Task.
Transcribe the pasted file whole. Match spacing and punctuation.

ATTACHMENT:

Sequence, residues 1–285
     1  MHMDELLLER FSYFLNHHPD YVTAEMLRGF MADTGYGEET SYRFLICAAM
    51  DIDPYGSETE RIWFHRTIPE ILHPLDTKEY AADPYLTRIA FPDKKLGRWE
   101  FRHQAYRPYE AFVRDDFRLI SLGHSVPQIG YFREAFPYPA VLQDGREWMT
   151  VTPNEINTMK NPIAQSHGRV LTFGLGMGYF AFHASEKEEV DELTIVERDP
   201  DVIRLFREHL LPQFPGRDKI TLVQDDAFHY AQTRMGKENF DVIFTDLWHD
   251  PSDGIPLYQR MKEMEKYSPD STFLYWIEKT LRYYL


Sequence, residues 1–285
     1  MHMDELLLER FSYFLNHHPD YVTAEMLRGF MADTGYGEET SYRFLICAAM
    51  DIDPYGSETE RIWFHRTIPE ILHPLDTKEY AADPYLTRIA FPDKKLGRWE
   101  FRHQAYRPYE AFVRDDFRLI SLGHSVPQIG YFREAFPYPA VLQDGREWMT
   151  VTPNEINTMK NPIAQSHGRV LTFGLGMGYF AFHASEKEEV DELTIVERDP
   201  DVIRLFREHL LPQFPGRDKI TLVQDDAFHY AQTRMGKENF DVIFTDLWHD
   251  PSDGIPLYQR MKEMEKYSPD STFLYWIEKT LRYYL